Unemployed Australians are finding work in spite of, not because the government's $7.3 billion job-seeker program, a Senate committee has found.
The Jobactive program, which has already been slated for overhaul by the government, was labelled "not fit for purpose" and "failing those it intended to serve".
A review into the rate of Newstart and whether it helps keep people out of poverty and to get a job was the first recommendation of the report, which also called for a review into the youth PaTH program.
The critical report follows an independent review last year that slammed the government's privatised job seeker program and found Jobactive was a waste of time for for employers and employees.
Requirements for job-seekers to keep their payments, such as attending meetings with service providers and applying for a minimum number of jobs, should also be revamped, the committee said.
The punitive system resulted in job-seekers choosing to take action to keep their payments, instead of steps that could help them land a job.
"Participants are missing paid employment to attend appointments with their Jobactive provider. The requirement to apply for 20 jobs every month burdens employers who are receiving masses of poor quality applications often from people who are not suited for the position."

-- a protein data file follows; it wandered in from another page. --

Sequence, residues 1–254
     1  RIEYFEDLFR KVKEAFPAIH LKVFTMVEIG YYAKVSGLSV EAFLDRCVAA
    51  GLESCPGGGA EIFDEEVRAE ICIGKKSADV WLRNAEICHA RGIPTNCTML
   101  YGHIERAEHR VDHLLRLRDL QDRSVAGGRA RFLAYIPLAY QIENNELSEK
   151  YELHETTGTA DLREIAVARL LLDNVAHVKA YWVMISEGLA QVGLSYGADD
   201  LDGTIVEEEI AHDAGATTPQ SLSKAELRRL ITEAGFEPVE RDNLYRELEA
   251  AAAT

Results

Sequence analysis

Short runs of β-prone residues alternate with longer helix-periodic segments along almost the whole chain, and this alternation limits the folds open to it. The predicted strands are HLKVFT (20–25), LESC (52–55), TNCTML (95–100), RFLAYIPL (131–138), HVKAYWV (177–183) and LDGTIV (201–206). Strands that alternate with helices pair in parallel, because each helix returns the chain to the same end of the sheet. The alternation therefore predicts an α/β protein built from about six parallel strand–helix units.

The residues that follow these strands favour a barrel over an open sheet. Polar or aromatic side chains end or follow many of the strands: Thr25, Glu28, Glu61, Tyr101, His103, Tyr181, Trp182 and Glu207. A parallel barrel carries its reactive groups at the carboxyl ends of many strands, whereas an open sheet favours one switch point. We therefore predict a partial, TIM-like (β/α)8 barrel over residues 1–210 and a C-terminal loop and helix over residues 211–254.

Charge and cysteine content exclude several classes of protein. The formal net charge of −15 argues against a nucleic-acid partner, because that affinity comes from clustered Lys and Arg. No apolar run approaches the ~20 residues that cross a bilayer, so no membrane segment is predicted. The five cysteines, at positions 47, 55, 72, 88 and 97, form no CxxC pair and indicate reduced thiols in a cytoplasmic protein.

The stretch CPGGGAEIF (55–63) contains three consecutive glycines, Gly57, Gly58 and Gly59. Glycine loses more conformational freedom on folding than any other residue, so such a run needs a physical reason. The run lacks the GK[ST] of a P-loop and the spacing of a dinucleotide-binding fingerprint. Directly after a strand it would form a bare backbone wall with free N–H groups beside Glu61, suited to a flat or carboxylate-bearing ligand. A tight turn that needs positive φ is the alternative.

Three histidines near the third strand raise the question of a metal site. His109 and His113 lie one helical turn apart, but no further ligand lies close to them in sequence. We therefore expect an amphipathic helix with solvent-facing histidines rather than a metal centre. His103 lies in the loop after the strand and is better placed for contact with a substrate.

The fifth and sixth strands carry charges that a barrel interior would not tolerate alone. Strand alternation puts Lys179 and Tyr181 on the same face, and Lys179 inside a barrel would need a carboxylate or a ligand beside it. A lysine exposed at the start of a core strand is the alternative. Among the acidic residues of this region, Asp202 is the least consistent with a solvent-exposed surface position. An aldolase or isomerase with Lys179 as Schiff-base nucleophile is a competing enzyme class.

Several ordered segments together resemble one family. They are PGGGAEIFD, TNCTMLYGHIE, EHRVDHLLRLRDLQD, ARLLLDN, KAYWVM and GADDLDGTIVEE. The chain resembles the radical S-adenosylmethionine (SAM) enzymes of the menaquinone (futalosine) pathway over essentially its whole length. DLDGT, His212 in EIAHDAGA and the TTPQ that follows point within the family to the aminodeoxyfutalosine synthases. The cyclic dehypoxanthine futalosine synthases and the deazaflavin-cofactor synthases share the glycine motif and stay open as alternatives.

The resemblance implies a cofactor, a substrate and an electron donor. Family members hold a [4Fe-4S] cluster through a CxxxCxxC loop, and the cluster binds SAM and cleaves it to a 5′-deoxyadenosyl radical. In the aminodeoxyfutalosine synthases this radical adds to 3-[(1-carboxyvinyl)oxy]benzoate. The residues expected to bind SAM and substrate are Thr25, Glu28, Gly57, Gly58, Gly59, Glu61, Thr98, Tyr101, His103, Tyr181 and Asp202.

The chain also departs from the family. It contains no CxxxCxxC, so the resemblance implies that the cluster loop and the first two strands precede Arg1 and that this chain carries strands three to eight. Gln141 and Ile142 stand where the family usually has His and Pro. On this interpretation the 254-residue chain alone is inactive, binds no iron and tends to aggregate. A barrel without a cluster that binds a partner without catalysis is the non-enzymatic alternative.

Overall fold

It also recommended a recent change, where job service providers can give job-seekers demerit points that can lead to payments being reduced, be reversed so Centrelink again has oversight of the system.
The targeted compliance framework was unfairly burdening marginalised job-seekers, including Indigenous Australians and homeless people, the report found.
Financial incentives for job services providers, where payments are received when a job-seeker has been in a job for four, 12 and 26 weeks, must also be reviewed to ensure people are placed into jobs they would be able to keep long-term.
Echoing Jobs Minister Kelly O'Dwyer's acknowledgement that more needs to be done to help job-seekers, the two Liberal Senators on the committee defended the program in a dissenting report, saying around 50 per cent of participants had a job within three months of participating in Job Active.
In addition to the majority report, the Greens are calling for the targeted compliance framework, and the work for the dole program to be abolished.
"Since Jobactive started in July 2015, 5.2 million penalties have been imposed on people looking for work," Greens senator Rachel Siewert said.
"Half of those penalties were overturned by Centrelink. Under the targeted compliance framework the capacity for Centrelink to overturn penalties no longer exists, raising concerns about how many of the penalties applied by providers are in fact in error."